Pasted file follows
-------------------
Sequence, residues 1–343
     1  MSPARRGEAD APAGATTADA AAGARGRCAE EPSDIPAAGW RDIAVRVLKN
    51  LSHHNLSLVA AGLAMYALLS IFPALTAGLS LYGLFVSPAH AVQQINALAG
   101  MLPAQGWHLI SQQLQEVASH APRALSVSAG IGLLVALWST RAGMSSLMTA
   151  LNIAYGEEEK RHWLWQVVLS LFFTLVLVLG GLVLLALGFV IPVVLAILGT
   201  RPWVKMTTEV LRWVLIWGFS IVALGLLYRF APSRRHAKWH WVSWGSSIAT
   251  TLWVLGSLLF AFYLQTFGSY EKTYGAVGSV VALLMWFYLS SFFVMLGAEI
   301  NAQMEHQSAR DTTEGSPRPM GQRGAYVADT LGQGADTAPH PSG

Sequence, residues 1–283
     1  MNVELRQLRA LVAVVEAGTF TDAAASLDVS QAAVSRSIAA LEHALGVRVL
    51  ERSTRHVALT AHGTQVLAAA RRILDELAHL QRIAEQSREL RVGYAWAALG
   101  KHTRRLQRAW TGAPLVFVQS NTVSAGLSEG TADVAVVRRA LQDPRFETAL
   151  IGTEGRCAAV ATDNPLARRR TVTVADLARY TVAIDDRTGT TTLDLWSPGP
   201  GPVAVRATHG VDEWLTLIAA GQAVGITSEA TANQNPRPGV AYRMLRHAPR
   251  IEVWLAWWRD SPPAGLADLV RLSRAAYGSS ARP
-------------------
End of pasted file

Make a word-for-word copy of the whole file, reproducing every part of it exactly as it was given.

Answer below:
Sequence, residues 1–343
     1  MSPARRGEAD APAGATTADA AAGARGRCAE EPSDIPAAGW RDIAVRVLKN
    51  LSHHNLSLVA AGLAMYALLS IFPALTAGLS LYGLFVSPAH AVQQINALAG
   101  MLPAQGWHLI SQQLQEVASH APRALSVSAG IGLLVALWST RAGMSSLMTA
   151  LNIAYGEEEK RHWLWQVVLS LFFTLVLVLG GLVLLALGFV IPVVLAILGT
   201  RPWVKMTTEV LRWVLIWGFS IVALGLLYRF APSRRHAKWH WVSWGSSIAT
   251  TLWVLGSLLF AFYLQTFGSY EKTYGAVGSV VALLMWFYLS SFFVMLGAEI
   301  NAQMEHQSAR DTTEGSPRPM GQRGAYVADT LGQGADTAPH PSG

Sequence, residues 1–283
     1  MNVELRQLRA LVAVVEAGTF TDAAASLDVS QAAVSRSIAA LEHALGVRVL
    51  ERSTRHVALT AHGTQVLAAA RRILDELAHL QRIAEQSREL RVGYAWAALG
   101  KHTRRLQRAW TGAPLVFVQS NTVSAGLSEG TADVAVVRRA LQDPRFETAL
   151  IGTEGRCAAV ATDNPLARRR TVTVADLARY TVAIDDRTGT TTLDLWSPGP
   201  GPVAVRATHG VDEWLTLIAA GQAVGITSEA TANQNPRPGV AYRMLRHAPR
   251  IEVWLAWWRD SPPAGLADLV RLSRAAYGSS ARP